Foreign workers all the rage now, not just in Singapore

HRM 26 Feb 2013

Singapore is not the only Asian country facing a talent shortage – countries like South Korea are starting to tap on a foreign talent pool to plug the gap.

With its ageing population, South Korea has gone from a country where labour was an abundant resource to one seeking foreigners to help run its plants and firms. While its neighbour Japan has largely rejected imported labour as a solution to its ageing workforce, South Korea is starting to accept this change.

In a report by Bloomberg, the number of immigrants has risen sevenfold to 1.5 million since 2000, which is 2.8% of the population. By 2030, immigrants would make up more than six per cent by 2030. “It’s inevitable that we will have to absorb foreign labour to boost our economy,” Choi Kwang Hae, director general at the Finance Ministry, quoted as saying.

A growing number of South Korean exporters are supplementing their ageing workforce with unskilled labour from the region.  “Our factory can’t operate without foreign workers,” said Park Kwang Seo, director at Homyeong Chemical, which supplies packaging to Coca-Cola and coating films to Samsung Electronics. “We need to hire more to meet demand.”  

“We can’t find enough Korean workers, especially young men,” he added. “The quota system on foreign workers is still too rigid.”

To ease the labour shortage, the government recently announced steps to ease work visa and citizenship requirements. The quota for low-skilled workers this year is 62,000, up from 57,000 in 2012.

However, experts say that attitudes from the public have to be changed.

“The country is still highly susceptible to xenophobia,” said Chung Ki Seon, head of research at IOM Migration Research & Training Centre, which studies immigration policies worldwide. “But Japan gives us a clear lesson on what will happen if we keep the door closed.”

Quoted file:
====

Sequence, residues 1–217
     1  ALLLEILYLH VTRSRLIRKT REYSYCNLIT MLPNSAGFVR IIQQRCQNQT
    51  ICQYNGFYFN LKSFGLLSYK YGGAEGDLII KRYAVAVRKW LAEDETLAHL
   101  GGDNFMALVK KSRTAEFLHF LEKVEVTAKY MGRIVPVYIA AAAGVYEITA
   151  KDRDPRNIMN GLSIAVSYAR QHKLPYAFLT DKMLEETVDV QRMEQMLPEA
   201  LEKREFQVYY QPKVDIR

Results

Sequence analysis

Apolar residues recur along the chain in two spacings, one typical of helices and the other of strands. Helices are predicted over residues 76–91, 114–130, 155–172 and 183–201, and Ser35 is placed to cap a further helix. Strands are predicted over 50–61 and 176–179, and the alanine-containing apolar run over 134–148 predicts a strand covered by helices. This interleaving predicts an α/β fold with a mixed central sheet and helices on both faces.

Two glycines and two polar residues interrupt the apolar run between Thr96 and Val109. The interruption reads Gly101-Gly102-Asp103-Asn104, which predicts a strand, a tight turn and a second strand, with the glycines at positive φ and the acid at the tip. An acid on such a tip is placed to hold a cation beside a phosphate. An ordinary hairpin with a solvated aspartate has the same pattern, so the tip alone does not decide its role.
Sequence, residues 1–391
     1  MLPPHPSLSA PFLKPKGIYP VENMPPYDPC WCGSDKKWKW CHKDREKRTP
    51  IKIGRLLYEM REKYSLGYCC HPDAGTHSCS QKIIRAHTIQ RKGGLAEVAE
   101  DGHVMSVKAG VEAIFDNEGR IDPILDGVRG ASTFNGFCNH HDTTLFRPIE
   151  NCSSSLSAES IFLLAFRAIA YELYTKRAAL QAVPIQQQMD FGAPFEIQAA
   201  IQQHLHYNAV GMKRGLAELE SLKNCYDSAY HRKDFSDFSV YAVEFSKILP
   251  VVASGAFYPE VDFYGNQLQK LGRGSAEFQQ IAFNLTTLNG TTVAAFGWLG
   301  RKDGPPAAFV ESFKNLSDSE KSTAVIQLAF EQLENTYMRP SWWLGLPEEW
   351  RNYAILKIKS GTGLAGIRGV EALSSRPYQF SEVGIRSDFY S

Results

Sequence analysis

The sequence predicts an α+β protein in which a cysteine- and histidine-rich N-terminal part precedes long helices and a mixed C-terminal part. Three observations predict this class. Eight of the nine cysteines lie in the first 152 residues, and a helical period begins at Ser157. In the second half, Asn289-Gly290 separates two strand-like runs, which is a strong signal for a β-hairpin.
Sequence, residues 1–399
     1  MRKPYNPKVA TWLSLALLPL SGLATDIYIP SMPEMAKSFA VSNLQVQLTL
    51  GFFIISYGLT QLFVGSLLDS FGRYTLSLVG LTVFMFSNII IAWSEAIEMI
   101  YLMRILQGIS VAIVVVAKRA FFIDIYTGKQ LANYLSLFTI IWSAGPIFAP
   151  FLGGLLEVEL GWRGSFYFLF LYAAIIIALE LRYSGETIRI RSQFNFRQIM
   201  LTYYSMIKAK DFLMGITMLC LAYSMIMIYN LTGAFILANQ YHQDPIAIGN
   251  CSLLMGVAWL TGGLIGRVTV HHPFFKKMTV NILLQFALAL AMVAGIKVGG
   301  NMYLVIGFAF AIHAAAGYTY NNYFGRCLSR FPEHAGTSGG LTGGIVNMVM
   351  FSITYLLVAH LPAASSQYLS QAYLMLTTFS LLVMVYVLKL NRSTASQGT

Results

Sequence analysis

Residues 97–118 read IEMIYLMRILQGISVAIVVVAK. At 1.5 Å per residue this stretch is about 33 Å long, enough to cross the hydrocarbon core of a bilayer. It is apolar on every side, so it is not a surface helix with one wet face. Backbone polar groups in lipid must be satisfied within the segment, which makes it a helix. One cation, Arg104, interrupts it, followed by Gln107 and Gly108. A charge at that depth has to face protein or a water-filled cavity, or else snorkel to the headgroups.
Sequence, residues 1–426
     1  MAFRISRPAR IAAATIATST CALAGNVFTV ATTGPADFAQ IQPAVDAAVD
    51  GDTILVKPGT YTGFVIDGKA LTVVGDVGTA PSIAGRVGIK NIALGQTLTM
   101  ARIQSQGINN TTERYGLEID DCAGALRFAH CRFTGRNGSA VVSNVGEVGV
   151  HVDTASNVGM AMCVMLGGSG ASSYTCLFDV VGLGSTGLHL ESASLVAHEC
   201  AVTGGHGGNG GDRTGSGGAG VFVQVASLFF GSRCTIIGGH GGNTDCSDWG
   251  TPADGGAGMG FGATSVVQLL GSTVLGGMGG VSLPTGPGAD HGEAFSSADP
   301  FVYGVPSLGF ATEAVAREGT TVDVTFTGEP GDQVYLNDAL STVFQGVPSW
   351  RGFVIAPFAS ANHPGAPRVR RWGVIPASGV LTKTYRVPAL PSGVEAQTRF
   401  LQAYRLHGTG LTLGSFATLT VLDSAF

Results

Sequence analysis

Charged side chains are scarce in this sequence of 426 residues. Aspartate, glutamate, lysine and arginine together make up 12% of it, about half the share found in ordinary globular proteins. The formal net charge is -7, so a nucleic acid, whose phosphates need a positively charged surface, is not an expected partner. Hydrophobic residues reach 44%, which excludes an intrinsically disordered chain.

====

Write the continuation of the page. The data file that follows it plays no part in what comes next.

Leave your comment
Start a new discussion

HRM Asia forum is the place for positive industry interaction and welcomes your professional and informed opinion.

Post a Comment
HRM Asia welcomes your contribution. Your IP address is recorded in the event of a complaint.
Name *
Email *
(required, but will not display)
Comment *
Please enter in the numbers in the box left.
You are about to submit your comment. Is it:
  • Professional
  • In your own name or pseudonym, not impersonating someone else
  • Free from rude language
  • Free from advertising
  • If you prefer not to post but are still keen to get your viewpoint across, you can always e-mail the editor.
  • 30 Jul | Frazer Jones - Global HR Search and Recruitment | Singapore
    Front Office Recruiter required to work within a leading Financial Services organisation
    30 Jul | Frazer Jones - Global HR Search and Recruitment | Singapore
    Leading Financial Services Corporation looking to hire a seasoned HR Director
    24 Jul | Frazer Jones Global HR Search & Recruitment | Singapore
    The HR Operations Senior Manager will lead a team on the management of all HR Operations as well as the revamp and improvement of current HR processes ...
    Scouting for High Potentials
    Alvin Chan, Asia HR Director, Celestica, explains the company’s four-prong approach to identifying and accelerating the growth of high-potential employees.
    Talent retention through global mobility
    Unorthodox HR
    The impact of diversity on WSH
    This workshop will help you develop your confidence and skills in giving speeches. You will explore techniques for preparing and delivering talks, as ...
    This informative workshop develops the writing skills you need to make you and your readers’ lives easier
    Nanyang Tecnological University - Nanyang Business School, Open Enrolment Programmes | amyflin@ntu.edu.sg
    Programme is intended for non-finance professionals to interpret financial statements from multiple stakeholder perspective.